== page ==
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This is going to be a very matter-of-fact response.
You need to grow a pair and tell your management that you cannot use
unskilled people to write documentation. You need to make it painfully
clear that it is more work to train an unskilled person to get up to
speed than it is to just do the work yourself, and you need to again
reiterate that you need a skilled writer who can come in with minimal
hand-holding to help you.
I've been around the block and in this situation many times. Would
they toss the admin assistant into the developer pool? Or hand them
massive accounts to manage to help sales out? Would they hand someone
who has never driven anything more than a bicycle the keys to their
$150k Mercedes and have them pick up their kids from day care?
Not only is this a case of "you get what you pay for" but is also a
case of inventing work where it's absolutely not needed.
Grow a pair, put your foot down (politely) and explain this to them.
You're overworked, so they give you more to do (train an unskilled
person to eventually help you out). I could see if you were doing this
during downtime or doing this with other pro writers already helping
you (been there, done it all and more), but not in this situation. You
need to get it through their heads that while you appreciate the
gesture, that it's simply hurting more than helping, and you need to
bring in someone who can immediately get to work with minimal to zero
training from you.
On Fri, Jan 6, 2012 at 1:25 PM, INKtopia Admin <admin -at- inktopia -dot- net> wrote:
> Moderator Note: The following is being posted on behalf of a Whirler who
> needs to remain anonymous. Please post all replies to the list and not to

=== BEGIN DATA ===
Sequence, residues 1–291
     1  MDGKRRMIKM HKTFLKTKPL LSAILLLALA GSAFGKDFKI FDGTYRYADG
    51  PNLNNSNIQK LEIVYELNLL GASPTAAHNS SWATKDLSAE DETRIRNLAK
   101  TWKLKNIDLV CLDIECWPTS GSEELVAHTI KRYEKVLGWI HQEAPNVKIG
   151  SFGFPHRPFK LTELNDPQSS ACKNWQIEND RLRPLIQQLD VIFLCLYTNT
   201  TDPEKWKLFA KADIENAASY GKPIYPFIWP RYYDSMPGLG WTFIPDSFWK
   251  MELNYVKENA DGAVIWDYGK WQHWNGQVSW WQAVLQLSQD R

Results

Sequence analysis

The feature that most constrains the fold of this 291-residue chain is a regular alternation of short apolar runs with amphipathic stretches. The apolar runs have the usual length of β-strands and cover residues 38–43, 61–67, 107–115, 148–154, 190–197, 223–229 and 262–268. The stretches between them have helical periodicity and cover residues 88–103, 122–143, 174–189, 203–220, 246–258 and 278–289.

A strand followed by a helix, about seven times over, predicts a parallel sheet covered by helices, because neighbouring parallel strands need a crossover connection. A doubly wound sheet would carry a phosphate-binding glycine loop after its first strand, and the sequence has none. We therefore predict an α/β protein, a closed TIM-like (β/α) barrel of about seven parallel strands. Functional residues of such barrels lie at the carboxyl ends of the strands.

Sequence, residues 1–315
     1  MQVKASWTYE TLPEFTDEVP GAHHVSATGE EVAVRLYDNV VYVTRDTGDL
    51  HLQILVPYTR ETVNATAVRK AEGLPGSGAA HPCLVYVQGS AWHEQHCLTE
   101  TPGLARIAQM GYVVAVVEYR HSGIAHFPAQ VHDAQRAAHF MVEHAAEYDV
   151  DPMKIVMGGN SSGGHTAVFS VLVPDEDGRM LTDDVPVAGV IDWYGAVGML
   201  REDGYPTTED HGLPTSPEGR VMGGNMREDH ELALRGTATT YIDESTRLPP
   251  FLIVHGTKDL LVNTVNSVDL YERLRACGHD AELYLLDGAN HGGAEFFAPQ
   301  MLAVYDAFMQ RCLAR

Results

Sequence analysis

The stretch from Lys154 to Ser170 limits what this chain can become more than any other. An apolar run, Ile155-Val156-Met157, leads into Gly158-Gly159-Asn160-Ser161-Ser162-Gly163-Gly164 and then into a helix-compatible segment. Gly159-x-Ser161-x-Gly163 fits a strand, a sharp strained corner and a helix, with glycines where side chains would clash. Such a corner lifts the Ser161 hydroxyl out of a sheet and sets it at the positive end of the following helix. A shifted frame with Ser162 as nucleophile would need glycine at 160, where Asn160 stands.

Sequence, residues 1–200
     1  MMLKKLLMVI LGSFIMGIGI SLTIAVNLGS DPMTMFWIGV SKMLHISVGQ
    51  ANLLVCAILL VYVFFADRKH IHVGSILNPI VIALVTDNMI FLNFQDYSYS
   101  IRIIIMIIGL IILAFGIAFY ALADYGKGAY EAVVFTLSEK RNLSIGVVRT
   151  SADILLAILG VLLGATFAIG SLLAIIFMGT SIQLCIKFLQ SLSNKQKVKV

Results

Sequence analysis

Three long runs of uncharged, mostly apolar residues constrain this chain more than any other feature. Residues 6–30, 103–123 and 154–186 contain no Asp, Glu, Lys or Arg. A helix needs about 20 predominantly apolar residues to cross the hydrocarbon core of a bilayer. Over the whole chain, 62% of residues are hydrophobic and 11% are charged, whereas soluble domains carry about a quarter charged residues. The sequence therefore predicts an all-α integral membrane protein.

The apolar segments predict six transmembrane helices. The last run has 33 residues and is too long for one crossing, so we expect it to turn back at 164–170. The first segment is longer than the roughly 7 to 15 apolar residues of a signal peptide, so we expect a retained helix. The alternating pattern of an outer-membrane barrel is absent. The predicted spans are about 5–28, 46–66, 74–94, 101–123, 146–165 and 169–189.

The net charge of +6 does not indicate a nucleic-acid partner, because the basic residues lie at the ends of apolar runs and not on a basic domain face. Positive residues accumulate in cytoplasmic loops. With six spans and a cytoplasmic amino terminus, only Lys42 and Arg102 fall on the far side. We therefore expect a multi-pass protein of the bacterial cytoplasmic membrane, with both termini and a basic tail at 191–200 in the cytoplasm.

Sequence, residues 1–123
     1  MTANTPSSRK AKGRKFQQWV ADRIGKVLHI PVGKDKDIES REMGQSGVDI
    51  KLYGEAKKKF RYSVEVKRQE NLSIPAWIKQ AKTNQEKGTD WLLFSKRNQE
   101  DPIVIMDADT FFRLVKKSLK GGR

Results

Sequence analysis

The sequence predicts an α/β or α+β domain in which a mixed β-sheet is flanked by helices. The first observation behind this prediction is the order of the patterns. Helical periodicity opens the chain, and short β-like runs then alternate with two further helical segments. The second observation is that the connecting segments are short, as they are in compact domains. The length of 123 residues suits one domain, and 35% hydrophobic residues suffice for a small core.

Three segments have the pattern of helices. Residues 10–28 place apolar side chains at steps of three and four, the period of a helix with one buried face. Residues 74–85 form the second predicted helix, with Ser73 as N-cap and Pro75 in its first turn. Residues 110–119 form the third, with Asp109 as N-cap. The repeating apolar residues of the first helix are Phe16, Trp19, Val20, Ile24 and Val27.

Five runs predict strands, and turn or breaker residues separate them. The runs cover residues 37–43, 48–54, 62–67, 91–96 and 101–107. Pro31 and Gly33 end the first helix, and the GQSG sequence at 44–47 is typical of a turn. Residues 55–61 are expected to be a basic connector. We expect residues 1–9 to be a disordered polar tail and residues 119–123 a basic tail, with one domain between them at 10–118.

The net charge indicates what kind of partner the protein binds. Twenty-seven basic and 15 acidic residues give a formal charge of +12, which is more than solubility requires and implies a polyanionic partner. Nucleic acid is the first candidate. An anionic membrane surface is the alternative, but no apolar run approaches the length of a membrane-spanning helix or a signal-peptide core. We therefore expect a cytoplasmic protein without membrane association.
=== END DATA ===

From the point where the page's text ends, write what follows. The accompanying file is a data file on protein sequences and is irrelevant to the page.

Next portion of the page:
> me, as replies will not be forwarded to the original poster.
> I have been in this job for almost eight years. I started documenting two
> products. Now, I’m responsible for eleven. Three share similar interface
> and features, but it is a lot to handle. I’ve presented data on why an
> additional resource is necessary each year, and I’ve been rebuffed. Shortly
> before the end of 2011, I was told to hand one project to one of the Admin
> Assistants to do since “she has a lot of downtime until the summer.” She
> isn’t stupid, she isn’t clueless, but she can’t write. She is a novice at
> using Word. I use Flare as the authoring tool, and it is beyond her. Again,
> I’m not saying she’s stupid, but she doesn’t get the concepts or the
> workflow. She gave me seven topics to review, and they’re terrible. While
> they’re spelled correctly and the mechanics such as grammar & punctuation
> are good, the procedures are poorly written and they’re just not
> acceptable. I can rewrite them, but that’s not the point. When I brought
> up the writing problems and the time involved, my manager said that I need
> to help her come up to speed and work with her. I’ve tried to show her how
> to write a procedure and what goes into a topic, but it just doesn’t seem
> to work. I’ve suggested local and online courses that might help her, but
> there’s no budget for it. This is taking up more time that I can afford to
> devote to it.****
> ** **
> I’m trying to react to this with uh…grace and no emotion.****
> What next steps would YOU take?
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